Traditional WM focuses on storage of finished goods and distribution of customer orders. Some WMS. s can handle picking and staging of raw materials and work-in-process (WIP) while others can be adapted to receive new inventory from production operations. In both cases, the WMS is being extended beyond its intended design. Subsequently, gaps in the order fulfillment process are exposed and inventory accuracy, customer service, order cycle time, and labor benefits promised by WMS can only be partially realized. SCE systems employing integrated WM and PE fill this gap, amplifying system benefits exponentially.
Integrated WM/PE extends the benefits of traditional WM by tracking, managing and automating the order fulfillment process for both customer orders and production orders. As with traditional WM, these systems need to receive, produce, and ship orders independent of host system availability. Integrated WM/PE systems accomplish this by providing mission critical manufacturing-type functionality required to "keep the orders moving". This functionality, in addition to the robust functionality of traditional WM, includes:
- production order execution planning
- soft and hard allocate raw materials and WIP
- pick and stage materials for production processes
- activate and close production orders
- generate, assign, and track lot numbers
- complete production "issue" transaction for inventory against a production order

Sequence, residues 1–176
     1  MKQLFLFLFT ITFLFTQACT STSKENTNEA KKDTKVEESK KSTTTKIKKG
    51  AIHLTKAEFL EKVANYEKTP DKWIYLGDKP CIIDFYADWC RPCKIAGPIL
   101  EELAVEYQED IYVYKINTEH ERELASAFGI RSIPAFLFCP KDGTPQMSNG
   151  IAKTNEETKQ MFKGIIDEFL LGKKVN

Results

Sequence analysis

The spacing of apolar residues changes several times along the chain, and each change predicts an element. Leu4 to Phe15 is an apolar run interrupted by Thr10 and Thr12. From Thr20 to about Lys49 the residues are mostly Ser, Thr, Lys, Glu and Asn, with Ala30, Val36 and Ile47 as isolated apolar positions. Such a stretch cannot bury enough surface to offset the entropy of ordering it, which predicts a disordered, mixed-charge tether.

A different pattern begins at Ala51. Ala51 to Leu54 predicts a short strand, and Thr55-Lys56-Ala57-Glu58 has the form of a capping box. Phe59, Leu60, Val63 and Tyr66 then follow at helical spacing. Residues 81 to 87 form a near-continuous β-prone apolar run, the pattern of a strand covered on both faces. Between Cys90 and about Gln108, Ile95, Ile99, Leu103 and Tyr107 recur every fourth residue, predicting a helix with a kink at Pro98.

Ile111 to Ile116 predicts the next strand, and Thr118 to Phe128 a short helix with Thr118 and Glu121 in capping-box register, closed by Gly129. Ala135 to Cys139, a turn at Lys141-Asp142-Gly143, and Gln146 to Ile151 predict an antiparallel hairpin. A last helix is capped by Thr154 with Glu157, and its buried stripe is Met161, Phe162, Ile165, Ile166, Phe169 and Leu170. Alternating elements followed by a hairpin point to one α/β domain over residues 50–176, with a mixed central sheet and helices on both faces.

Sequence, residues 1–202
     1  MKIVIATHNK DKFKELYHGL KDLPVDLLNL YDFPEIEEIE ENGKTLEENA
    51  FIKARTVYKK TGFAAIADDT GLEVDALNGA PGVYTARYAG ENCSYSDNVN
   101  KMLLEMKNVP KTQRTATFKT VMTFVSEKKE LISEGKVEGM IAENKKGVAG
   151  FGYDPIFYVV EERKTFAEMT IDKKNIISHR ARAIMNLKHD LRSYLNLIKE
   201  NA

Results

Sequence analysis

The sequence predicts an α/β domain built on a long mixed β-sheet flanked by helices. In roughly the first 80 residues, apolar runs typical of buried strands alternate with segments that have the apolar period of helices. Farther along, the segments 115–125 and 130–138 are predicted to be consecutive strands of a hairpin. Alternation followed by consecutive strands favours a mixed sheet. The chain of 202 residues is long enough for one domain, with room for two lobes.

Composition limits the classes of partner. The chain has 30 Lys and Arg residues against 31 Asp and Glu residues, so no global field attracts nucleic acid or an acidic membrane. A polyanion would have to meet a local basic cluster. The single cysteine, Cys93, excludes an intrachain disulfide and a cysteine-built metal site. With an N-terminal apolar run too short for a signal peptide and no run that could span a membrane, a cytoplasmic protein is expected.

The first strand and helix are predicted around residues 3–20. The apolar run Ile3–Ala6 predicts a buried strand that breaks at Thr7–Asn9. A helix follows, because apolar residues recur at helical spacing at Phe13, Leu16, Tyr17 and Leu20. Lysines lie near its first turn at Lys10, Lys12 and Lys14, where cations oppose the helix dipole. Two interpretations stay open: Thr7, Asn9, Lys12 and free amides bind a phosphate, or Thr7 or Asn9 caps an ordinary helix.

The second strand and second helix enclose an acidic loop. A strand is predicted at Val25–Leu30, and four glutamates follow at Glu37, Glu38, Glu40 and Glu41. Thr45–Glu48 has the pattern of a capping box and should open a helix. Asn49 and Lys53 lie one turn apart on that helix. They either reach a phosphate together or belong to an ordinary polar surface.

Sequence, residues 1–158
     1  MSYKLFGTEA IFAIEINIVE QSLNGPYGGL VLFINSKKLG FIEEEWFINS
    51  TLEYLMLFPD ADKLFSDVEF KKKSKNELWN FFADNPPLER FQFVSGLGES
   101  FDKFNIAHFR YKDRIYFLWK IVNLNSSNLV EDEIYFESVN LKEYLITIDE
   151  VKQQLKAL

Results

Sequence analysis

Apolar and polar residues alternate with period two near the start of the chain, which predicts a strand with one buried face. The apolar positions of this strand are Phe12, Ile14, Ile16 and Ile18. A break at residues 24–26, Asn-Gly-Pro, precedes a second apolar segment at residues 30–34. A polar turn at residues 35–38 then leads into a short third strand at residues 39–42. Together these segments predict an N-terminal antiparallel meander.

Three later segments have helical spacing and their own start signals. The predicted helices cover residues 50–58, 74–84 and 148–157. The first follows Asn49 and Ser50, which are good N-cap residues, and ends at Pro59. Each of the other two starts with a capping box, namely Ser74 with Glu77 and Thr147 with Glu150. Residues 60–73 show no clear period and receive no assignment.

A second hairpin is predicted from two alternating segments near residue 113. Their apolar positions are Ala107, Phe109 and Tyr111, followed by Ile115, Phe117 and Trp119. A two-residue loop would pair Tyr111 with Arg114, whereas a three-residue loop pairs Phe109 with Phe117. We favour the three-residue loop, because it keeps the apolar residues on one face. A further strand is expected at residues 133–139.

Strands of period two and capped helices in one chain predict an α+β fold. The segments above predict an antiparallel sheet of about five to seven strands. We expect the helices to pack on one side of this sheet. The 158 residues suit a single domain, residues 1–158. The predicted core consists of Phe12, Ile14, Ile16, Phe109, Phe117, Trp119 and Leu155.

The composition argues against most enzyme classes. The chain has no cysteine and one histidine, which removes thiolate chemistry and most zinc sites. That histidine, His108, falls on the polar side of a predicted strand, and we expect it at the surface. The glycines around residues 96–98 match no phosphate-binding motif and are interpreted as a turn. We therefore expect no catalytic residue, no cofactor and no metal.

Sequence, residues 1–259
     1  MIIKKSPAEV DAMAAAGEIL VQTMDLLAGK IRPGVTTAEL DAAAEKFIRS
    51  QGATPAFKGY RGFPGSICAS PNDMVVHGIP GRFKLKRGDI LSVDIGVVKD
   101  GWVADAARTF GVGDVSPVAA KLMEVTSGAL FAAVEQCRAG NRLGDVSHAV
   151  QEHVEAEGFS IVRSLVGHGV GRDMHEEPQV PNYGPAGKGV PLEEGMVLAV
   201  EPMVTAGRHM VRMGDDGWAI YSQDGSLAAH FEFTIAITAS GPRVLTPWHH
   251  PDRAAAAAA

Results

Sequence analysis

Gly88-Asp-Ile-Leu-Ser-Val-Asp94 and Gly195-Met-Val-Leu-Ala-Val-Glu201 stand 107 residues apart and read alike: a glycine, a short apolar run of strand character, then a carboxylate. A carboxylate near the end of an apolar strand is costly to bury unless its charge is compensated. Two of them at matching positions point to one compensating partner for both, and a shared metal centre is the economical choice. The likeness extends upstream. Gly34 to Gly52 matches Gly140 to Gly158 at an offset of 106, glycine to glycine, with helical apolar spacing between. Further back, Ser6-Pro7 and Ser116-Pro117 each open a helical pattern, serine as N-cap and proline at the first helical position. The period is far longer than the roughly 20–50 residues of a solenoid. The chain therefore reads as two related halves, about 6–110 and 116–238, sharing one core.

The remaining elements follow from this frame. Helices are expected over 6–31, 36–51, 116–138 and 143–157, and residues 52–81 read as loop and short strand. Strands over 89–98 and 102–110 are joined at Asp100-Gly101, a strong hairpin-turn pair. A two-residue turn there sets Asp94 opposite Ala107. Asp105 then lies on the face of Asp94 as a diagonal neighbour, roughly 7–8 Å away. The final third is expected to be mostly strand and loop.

- direct allocate inventory from active production order to active customer order
- complete production "receipt" transaction for inventory against a production order
- crossdock new production to another production order or customer order
- theoretical consumption of ingredients and packaging materials
- theoretical production of empty containers
- paperless, real time operations enabled by bar coding and radio frequency (RF) technology
Try doing that with a traditional WMS package!
Integrated WM/PE benefits are not limited to application functionality. Manufacturers typically develop custom software or purchase standalone applications to address their PE needs. If the manufacturer has implemented or intends to implement a WMS, they will be required to develop custom interfaces between the two systems and install separate bar code equipment and RF networks for each system. The cost and complexity associated with these efforts often results in standalone WM and PE systems that increase system-operating costs and minimize system benefits.
Integrated WM/PE Infrastructure Benefits
Integrated WM/PE is not limited to manufacturing companies. Pure distribution companies performing value added processes can benefit from the production (value added process) order, automated data collection, and real time information flow of WM/PE systems. Next month we will explore the process that ConAgra/Gilroy Foods went through in designing, justifying, and selecting their integrated WM/PE system.
Ty Hansen is a Principal with Centek Associates; a Seattle based consultant and integrator of supply chain execution systems. He has been designing and implementing warehouse management and production execution systems for the past 10 years. Ty can be reached at 425-413-1090 or email@example.com.